Given a polynomial system, determine a simple set containing all its solutions

Suppose we have a system of complex polynomials $f = (f_1, \ldots, f_n)$, where each $f_i$ can be viewed as a function $\mathbb{C}^n \to \mathbb{C}$. The solutions of $f$ are the points $x \in \mathbb{C}^n$ such that $f(x) = 0$.

There are results bounding the magnitude of the zeros of univariate polynomials. One result for instance is given here. With this result we know that all zeros of a univariate polynomial $p$ are inside a complex disk or radius $R$ centered at the origin. The value $R$ can be determined using only the coefficients of $p$.

In the title, by simple set I mean a set like the above, which is a disk. What I mean by simple is a set which is determined explicitly by the coefficients of the $f_i$'s and has some simple determining rule. I'm looking for a way to know where the solutions are in advance. Sharp results are welcome.

I know there are some results relating this systems with Newton polyhedra, but I only saw results about counting solutions. If there is a connection between Newton polyhedra and the location of the solutions I would be glad to know. If anyone know some relevant article or book please share it here so I can read it.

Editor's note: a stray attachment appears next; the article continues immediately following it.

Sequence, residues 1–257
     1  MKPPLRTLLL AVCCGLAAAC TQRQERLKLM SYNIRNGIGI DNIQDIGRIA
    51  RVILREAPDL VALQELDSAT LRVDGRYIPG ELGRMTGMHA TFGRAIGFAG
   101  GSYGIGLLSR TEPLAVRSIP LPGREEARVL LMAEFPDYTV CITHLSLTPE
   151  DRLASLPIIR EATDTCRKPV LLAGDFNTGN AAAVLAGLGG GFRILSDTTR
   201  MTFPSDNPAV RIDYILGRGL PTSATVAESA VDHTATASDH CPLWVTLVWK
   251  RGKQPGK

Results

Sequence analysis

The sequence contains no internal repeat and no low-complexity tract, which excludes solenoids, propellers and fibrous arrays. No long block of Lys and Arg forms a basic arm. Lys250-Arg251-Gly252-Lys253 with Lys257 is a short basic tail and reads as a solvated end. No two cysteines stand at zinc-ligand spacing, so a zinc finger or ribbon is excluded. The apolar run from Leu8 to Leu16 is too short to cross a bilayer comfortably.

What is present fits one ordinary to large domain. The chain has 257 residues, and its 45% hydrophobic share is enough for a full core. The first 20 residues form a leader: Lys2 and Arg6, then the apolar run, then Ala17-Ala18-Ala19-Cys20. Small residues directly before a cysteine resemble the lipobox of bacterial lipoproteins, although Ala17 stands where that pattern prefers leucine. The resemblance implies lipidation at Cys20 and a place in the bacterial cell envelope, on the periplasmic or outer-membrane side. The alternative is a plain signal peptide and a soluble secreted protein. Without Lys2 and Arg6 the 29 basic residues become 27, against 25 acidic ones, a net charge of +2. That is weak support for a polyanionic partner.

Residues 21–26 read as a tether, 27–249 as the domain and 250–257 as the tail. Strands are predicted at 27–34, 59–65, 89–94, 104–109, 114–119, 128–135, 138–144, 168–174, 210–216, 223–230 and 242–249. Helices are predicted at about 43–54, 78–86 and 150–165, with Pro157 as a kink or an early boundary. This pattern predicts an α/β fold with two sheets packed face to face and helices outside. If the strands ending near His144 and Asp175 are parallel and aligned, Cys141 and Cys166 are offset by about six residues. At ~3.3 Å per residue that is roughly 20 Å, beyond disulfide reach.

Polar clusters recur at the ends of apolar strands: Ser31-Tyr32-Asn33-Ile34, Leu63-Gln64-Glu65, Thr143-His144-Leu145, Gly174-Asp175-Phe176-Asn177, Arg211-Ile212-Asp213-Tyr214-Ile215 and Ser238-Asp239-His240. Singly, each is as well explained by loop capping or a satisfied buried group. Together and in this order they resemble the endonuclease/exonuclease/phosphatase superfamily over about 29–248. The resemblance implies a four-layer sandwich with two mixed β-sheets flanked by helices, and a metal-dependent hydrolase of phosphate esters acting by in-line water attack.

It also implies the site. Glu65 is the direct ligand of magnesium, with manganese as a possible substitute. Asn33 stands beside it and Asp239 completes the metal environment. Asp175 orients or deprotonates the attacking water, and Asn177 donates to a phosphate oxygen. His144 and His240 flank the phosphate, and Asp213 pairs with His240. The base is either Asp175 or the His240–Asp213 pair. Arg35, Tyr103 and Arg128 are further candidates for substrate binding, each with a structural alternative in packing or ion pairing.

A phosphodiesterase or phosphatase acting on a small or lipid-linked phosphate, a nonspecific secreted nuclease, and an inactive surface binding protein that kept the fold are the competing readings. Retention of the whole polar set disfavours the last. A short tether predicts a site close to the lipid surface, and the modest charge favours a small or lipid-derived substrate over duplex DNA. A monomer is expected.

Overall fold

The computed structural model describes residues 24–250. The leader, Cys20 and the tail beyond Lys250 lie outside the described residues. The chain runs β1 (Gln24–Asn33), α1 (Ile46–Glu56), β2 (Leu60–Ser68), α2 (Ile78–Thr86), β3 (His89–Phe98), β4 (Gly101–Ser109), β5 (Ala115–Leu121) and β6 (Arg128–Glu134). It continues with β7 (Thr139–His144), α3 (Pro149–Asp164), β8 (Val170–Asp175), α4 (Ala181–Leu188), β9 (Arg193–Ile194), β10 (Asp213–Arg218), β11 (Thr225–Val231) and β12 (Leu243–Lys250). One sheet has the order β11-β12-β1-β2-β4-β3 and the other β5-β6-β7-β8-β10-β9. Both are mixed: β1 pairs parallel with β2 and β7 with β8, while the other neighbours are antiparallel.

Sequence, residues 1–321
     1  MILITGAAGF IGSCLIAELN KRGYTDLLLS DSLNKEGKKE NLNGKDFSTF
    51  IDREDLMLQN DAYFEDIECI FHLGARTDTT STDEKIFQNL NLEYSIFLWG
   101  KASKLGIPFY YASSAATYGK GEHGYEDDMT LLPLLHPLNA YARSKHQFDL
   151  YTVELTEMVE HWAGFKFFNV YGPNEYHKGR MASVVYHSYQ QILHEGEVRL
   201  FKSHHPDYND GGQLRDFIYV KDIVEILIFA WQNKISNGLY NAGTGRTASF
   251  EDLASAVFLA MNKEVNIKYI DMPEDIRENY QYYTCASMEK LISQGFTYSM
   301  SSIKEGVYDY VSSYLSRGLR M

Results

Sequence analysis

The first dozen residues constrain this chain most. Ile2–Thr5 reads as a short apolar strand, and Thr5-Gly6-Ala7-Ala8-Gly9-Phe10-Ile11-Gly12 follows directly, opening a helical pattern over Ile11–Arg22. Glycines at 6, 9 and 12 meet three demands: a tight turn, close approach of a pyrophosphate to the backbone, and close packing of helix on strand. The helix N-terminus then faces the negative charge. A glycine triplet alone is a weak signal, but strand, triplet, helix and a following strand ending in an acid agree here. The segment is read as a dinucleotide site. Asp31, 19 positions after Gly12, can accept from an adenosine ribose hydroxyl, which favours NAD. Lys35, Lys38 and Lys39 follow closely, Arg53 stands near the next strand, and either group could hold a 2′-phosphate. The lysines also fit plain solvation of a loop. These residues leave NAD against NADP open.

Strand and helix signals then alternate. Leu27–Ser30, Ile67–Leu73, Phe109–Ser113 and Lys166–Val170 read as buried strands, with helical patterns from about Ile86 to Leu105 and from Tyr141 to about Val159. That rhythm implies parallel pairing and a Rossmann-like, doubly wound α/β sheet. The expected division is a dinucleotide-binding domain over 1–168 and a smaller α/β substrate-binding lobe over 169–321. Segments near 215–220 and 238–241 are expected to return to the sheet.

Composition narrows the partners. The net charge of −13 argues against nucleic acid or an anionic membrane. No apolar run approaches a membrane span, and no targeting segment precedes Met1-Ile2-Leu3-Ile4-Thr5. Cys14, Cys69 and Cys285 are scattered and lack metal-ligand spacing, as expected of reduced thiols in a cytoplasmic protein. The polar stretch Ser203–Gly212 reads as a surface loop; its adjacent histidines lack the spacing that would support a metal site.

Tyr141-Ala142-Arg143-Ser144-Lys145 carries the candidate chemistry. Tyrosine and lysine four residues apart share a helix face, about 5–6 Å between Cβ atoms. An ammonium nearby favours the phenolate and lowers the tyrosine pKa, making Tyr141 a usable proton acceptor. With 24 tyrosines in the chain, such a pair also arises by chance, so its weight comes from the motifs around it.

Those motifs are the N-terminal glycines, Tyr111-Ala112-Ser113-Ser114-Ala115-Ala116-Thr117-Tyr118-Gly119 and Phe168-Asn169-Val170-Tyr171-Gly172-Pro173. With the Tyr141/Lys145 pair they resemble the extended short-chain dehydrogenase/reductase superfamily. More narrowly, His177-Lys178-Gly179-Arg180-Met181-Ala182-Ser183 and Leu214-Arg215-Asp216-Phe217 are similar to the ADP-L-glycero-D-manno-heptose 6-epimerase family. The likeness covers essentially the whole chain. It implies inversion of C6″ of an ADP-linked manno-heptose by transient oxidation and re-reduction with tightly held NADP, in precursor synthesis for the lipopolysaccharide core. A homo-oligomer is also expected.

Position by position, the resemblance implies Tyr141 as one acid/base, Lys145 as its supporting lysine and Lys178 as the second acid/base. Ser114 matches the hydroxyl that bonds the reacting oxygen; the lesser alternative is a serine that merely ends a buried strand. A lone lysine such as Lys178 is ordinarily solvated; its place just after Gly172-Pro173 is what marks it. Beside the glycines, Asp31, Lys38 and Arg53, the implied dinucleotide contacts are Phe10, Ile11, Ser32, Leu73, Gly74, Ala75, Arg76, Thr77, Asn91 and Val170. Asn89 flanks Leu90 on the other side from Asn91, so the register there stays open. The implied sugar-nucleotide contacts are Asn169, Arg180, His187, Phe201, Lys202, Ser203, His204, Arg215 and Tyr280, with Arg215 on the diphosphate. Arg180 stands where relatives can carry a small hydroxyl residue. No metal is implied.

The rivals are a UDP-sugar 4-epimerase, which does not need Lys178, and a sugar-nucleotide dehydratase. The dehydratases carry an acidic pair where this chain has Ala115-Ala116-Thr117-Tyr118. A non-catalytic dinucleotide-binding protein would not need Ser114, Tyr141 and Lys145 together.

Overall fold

Thank you very much.

One large area of research which addresses questions of this type is related to the Lee-Yang theorem, which gives a sufficient condition in terms of coefficients for zeros of a polynomial to lie in the complement of the unit polydisk. Closely related questions are about zeros lying in the complement of $\{ z:\Re z_j>0,\,1\leq j\leq n\}$.
Your set can be infinite and unbounded, so you have to be careful how you state the question. Here are some thoughts in the case $n=2$, which may be possible but difficult to generalize. Let $g$ be the resultant in the variable $x_2$ of the polynomials $f_1,f_2$. If $g$ is identically zero, then $f_1=f_2=0$ contains an algebraic curve and is an infinite set. Otherwise, the zeros of $g$ contain the first coordinates of the common zeros of $f_1,f_2$. The coefficients of $g$ are $O(H^{d_1+d_2})$ where $H$ is a bound for the coefficients of $f_1,f_2$ and $d_1,d_2$ are the degrees in $x_2$ of $f_1,f_2$, respectively. The implied constant depends on $d_1,d_2$, so you can apply the one-dimensional case to get a bound on the zeros of $g$.